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NEWS
June 23, 1997 | TERESA WATANABE, TIMES STAFF WRITER
In another triumph for direct democracy in a country that tends to be ruled from the top down, Japanese voters Sunday rejected plans for an industrial waste plant in the central town of Mitake and signaled demands for a better balance between economic growth and environmental protection. Underscoring the interest in the issue, 87.5% of Mitake voters turned out for the poll and overwhelmingly rejected the plant by a vote of 10,373 to 2,442.
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NEWS
June 23, 1997 | TERESA WATANABE, TIMES STAFF WRITER
In another triumph for direct democracy in a country that tends to be ruled from the top down, Japanese voters Sunday rejected plans for an industrial waste plant in the central town of Mitake and signaled demands for a better balance between economic growth and environmental protection. Underscoring the interest in the issue, 87.5% of Mitake voters turned out for the poll and overwhelmingly rejected the plant by a vote of 10,373 to 2,442.
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NEWS
September 11, 1992 | TERESA WATANABE and JOHN-THOR DAHLBURG, TIMES STAFF WRITERS
One day after Russian President Boris N. Yeltsin abruptly canceled his impending visit to Japan, Prime Minister Kiichi Miyazawa and other officials scrambled Thursday to put the best face on the diplomatic debacle, while public opinion was split over whom to blame. Miyazawa urged his country to "wait patiently" for Russia to sort out its domestic problems, while Foreign Minister Michio Watanabe urged people to "keep a cool head" and not respond in an "exaggerated way."
NEWS
September 11, 1992 | TERESA WATANABE and JOHN-THOR DAHLBURG, TIMES STAFF WRITERS
One day after Russian President Boris N. Yeltsin abruptly canceled his impending visit to Japan, Prime Minister Kiichi Miyazawa and other officials scrambled Thursday to put the best face on the diplomatic debacle, while public opinion was split over whom to blame. Miyazawa urged his country to "wait patiently" for Russia to sort out its domestic problems, while Foreign Minister Michio Watanabe urged people to "keep a cool head" and not respond in an "exaggerated way."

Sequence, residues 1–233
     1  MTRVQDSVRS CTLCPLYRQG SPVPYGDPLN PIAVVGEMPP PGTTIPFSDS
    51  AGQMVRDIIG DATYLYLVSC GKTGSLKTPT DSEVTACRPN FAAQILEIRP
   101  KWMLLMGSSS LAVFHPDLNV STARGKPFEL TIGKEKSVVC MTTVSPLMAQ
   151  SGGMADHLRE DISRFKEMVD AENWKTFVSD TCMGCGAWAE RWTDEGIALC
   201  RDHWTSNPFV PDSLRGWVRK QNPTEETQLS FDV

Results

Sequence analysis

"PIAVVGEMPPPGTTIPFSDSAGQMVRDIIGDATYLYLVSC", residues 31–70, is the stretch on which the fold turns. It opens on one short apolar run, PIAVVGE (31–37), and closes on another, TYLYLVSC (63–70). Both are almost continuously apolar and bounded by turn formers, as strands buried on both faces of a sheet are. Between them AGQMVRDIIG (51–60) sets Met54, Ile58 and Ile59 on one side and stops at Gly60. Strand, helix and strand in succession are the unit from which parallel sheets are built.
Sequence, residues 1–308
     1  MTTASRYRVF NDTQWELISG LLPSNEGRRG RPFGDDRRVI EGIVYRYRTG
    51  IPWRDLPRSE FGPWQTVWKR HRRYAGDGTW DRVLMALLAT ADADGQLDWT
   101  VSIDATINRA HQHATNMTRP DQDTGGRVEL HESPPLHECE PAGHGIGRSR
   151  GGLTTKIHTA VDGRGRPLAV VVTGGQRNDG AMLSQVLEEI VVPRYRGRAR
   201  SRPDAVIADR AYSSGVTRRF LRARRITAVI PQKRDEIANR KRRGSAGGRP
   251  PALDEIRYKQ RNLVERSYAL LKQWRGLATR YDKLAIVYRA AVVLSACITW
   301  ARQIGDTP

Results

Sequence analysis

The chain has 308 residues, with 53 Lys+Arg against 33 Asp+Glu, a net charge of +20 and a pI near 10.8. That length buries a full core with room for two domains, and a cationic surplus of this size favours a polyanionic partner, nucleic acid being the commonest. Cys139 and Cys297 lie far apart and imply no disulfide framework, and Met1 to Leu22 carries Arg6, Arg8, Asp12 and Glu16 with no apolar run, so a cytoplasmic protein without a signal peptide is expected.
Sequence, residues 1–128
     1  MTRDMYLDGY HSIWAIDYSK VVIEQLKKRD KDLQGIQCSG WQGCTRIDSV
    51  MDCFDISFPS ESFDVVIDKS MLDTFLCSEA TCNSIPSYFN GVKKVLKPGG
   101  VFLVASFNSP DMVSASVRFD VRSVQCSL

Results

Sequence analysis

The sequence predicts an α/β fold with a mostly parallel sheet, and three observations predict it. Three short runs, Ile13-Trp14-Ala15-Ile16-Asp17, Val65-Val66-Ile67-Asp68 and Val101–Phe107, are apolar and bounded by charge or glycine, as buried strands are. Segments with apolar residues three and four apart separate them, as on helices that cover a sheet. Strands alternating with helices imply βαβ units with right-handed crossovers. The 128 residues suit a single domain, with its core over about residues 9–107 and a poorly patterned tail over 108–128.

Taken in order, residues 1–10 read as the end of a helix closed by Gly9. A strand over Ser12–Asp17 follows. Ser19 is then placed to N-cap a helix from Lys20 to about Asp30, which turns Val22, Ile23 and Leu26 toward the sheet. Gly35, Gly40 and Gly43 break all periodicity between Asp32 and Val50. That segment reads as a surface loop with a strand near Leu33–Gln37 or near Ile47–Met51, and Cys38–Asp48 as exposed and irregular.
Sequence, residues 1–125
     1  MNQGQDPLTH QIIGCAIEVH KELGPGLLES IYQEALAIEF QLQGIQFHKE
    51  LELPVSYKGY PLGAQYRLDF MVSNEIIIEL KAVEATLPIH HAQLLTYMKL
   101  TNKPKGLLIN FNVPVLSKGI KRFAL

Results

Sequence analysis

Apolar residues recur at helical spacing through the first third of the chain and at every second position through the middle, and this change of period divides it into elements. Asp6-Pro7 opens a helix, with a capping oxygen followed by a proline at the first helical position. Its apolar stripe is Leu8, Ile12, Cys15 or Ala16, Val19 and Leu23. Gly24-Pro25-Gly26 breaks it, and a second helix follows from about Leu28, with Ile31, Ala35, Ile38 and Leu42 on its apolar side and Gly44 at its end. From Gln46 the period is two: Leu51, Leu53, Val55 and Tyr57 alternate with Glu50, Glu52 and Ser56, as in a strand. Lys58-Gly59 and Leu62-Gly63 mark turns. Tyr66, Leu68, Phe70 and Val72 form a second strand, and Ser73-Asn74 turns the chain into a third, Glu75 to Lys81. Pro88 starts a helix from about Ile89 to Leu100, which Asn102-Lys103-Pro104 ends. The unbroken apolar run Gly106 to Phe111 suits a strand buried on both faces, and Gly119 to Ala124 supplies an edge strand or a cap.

NEWS
July 30, 1995 | KOZO MIZOGUCHI, ASSOCIATED PRESS
They once lived in vast colonies throughout Japan. Now, only one Japanese crested ibis remains alive, alone on an island preserve. The highly publicized near-extinction of the snowy-feathered, long-beaked ibis has focused attention on the country's scores of other endangered species--and has prompted some soul-searching about the destruction of nature that has accompanied Japan's economic growth.
NEWS
November 13, 1993 | From Associated Press
The United States and 36 other nations voted Friday to permanently bar the dumping of nuclear waste at sea, but four major atomic powers abstained and it was unclear if they would observe the ban. The ban covers the 71 countries that signed the 1972 London Convention, which regulates the dumping of nuclear waste and other substances in the ocean, and each has 100 days to opt out.
NEWS
June 2, 1998 | SONNI EFRON, TIMES STAFF WRITER
Noriko Matsuo is afraid to keep breast-feeding her baby. "To think that dioxin might be flowing out of me to her is horrible," Matsuo said as her 1-year-old squirmed on her lap. She also wonders if it's safe to let her 3-year-old play in the local sandbox while 38 incinerators within a 2 1/2-mile radius are spewing dioxin-laden smoke into the atmosphere of this leafy bedroom community.
NEWS
April 6, 2003 | Kenji Hall, Associated Press Writer
When Koichi Goka heard rumors about the mysterious deaths three years ago, he started snooping around. What he found has put government officials on alert against a new plague, one that causes the limbs of its victims to rot and fall off. The sick aren't filling hospitals -- this plague is restricted to beetles. But in a country where it is not uncommon for collectors to spend thousands of dollars on a pet bug, Goka's discovery has become national news.
NEWS
March 11, 2001 | MARGARET WONG, ASSOCIATED PRESS
Camouflaged in reeds and sedges, environmental workers quietly gaze upon a rare sight: dozens of black-faced spoonbills napping in the morning after feeding on fish and shrimp at dawn. When the large white birds with black faces and feet wake up, they wade in shallow water or tideland, swinging their long, flat, spoon-shaped bills left and right as they look for another catch in one of the few remaining areas of Hong Kong untouched by development.
NEWS
June 8, 1997 | SONNI EFRON, TIMES STAFF WRITER
Alarming conservationists, Japan is seeking to have three types of rare wildlife struck from the list of endangered species, opening the way for a resumption of limited international trade in ivory, whale meat and tortoise shell.
NEWS
March 28, 1999 | JOSEPH COLEMAN, ASSOCIATED PRESS
In the mountains, they strip bark from graceful fir forests and gobble alpine flowers. In the valleys, farmers curse them for trampling fields and eating crops. An explosion in the deer population has become rural Japan's biggest natural headache. Now a growing group of wildlife experts say that they have the natural remedy: wild wolves.
NEWS
January 29, 2000 | SONNI EFRON, TIMES STAFF WRITER
Two years after the Kyoto accord on global warming, most of the major industrial powers and developing countries are emitting more greenhouse gases than ever. Still, U.S. and Japanese officials say there has been incremental progress on diplomatic and technological fronts toward convincing many countries that it is possible and essential to cut carbon dioxide emissions by 2010 to below levels a decade ago--the goal set in Kyoto.
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